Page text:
Episode 20 and all video recordings are available at:
Polish Cultural Institute New York YouTube
Encounters with Polish Literature is a video series for anyone interested in literature and the culture of books and reading. Each month, host David A. Goldfarb will present a new topic in conversation with an expert on that author or book or movement in Polish literature. More about the Encounters with Polish Literature series and the timeline.
Aleksander Wat (1900-1967) was a poet immersed in contradiction. He was part of the first wave of avantgardism when Poland regained its independence after WWI and with Anatol Stern authored a manifesto that declared itself to be both futurist and primitivist. He is remembered primarily for his panoramic memoir, My Century, edited from tape recorded conversations with Czesław Miłosz, recounting his imprisonments as a leftist under the Piłsudski regime between the wars, and then later under the Soviets, and his encounters with many of the major figures in Polish culture during the Communist period. He came from a mixed family of the Polish-Jewish intelligentsia, his father coming from a distinguished cabalistic tradition with a broad interest in European philosophy, his mother a nominal Polish Christian.
In this episode we explore some of Wat’s internal conflicts, looking at the “Gga” manifesto, and selected passages from his later poetry and from My Century, as well as some of the considerations about the relationship between truth and reality that he makes in his essays about Stalinist culture and socialist realism, which literary historians in the Slavic field would do well to read alongside Russian critics of Soviet literature like Andrei Sinyavsky. Wat published a small but potent body of work, most of which is translated in the collections listed in the bibliography for this episode.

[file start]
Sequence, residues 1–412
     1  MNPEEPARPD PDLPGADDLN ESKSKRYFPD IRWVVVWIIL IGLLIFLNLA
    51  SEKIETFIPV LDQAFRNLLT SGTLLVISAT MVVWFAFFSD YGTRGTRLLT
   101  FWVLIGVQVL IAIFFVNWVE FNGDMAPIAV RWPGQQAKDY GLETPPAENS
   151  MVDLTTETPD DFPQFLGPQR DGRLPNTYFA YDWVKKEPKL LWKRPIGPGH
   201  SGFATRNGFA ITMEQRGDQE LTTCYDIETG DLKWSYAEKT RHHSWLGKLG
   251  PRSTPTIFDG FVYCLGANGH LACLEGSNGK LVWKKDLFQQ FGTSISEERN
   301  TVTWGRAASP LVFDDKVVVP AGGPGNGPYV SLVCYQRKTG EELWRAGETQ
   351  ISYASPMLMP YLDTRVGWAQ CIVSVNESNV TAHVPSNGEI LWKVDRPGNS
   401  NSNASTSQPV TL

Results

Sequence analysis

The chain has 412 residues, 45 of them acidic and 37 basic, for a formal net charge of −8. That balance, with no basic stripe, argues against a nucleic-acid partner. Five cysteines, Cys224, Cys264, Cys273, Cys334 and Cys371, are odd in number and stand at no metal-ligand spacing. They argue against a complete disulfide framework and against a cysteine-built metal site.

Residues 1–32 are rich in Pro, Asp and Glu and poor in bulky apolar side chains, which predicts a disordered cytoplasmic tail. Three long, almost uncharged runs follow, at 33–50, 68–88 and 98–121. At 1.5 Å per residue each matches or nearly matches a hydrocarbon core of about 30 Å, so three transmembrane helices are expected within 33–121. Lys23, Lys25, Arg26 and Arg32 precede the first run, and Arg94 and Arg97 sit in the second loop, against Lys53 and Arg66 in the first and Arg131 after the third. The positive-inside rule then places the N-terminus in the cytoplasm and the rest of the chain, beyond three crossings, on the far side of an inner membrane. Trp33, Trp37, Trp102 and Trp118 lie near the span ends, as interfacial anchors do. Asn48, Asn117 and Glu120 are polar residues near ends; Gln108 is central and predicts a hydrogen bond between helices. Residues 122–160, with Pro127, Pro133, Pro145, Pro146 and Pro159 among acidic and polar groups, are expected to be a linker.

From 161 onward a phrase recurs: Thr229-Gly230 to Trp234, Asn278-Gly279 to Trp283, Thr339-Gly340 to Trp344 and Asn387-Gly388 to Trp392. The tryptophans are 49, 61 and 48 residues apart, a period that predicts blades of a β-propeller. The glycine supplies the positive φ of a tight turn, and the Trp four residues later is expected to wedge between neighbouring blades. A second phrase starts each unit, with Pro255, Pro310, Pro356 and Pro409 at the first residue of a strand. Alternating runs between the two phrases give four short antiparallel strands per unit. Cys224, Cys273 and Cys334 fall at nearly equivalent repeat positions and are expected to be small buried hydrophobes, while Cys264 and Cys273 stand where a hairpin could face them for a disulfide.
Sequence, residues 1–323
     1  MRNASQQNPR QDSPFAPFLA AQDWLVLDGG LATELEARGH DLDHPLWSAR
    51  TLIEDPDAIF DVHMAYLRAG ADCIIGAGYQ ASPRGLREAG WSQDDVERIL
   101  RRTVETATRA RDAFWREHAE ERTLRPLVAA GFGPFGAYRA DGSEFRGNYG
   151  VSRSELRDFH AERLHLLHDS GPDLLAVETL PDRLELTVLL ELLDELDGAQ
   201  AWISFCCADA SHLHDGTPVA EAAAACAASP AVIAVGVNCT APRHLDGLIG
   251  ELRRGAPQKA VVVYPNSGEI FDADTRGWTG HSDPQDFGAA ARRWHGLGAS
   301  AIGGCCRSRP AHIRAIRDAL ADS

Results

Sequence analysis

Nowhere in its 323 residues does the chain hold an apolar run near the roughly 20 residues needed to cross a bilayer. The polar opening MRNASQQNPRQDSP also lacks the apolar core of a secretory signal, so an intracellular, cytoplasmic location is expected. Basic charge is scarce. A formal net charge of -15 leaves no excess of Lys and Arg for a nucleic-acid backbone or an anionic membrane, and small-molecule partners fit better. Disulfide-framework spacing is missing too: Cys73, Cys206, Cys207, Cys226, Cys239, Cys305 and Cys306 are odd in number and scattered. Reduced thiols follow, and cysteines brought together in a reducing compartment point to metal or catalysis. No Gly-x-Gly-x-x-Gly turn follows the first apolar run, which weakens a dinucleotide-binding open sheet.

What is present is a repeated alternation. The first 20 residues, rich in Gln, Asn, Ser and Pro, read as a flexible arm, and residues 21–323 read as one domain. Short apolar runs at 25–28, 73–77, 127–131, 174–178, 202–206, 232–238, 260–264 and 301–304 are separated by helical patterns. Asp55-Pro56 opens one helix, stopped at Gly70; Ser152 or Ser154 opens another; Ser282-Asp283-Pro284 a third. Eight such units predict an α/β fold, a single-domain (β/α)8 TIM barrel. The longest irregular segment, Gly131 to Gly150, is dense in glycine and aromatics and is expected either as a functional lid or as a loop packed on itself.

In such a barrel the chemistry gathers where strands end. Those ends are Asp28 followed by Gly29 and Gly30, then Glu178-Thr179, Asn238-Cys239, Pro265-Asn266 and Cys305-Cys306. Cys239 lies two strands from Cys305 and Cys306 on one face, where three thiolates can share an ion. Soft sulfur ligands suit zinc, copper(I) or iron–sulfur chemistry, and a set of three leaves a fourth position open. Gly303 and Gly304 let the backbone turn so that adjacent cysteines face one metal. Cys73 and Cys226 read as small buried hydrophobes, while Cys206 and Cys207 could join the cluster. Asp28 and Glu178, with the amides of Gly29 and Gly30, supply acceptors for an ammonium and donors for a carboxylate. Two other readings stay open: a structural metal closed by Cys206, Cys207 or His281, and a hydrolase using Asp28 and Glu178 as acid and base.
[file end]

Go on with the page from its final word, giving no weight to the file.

Selected works by Aleksander Wat in English translation
Wat, Aleksander. Against the Devil in History. Tr. Frank L. Vigoda. Ed. and intro. by Gwido Zlatkes. Bloomington, In.: Slavica, 2018.
Wat, Aleksander. Lucifer Unemployed. Tr. Lillian Vallee. Foreword. by Czesław Miłosz. Evanston, Il.: Northwestern University Press, 1990.
Wat, Aleksander. My Century: The Odyssey of a Polish Intellectual. Ed. and tr. by Richard Lourie. Foreword by Czesław Miłosz. New York: New York Review Books, 1988.
Wat, Aleksander. With the Skin: Poems of Aleksander Wat. Tr. and ed. by Czesław Miłosz and Leonard Nathan. New York: Ecco, 1989.
Venclova, Tomas. Aleksander Wat: Life and Art of an Iconoclast. New Haven, Conn.: Yale University Press, 1996.
Wat, Aleksander and Stern, Anatol. Gga: I polski almanach futurystyczny (Gga: First Polish Futurist Almanac, in Polish). Futur Polski: Warsaw, 1920. IBL PAN, sygn. P.II.198.
Michał Paweł Markowski, The Stefan and Lucy Hejna Family Chair in Polish Language and Literature and Head of Department of Polish, Russian, and Lithuanian Studies at the University of Illinois at Chicago. He is also a tenured research professor at the Center for the Advanced Studies in the Humanities (Jagiellonian University, Kraków, Poland), which he created in 2007. He taught at Harvard (2002), Northwestern (2003), and Brown (2009). In 2005 he was a Distinguished Visiting Professor at the University of Alberta. In 2008 he was a senior researcher in the Internationales Forschungszentrum Kulturwissenschaften in Vienna. Since 2008 he has been the Artistic Director of the Joseph Conrad International Festival of Literature in Kraków, Poland, one of the most important European literary festivals (more than 1000 artists featured).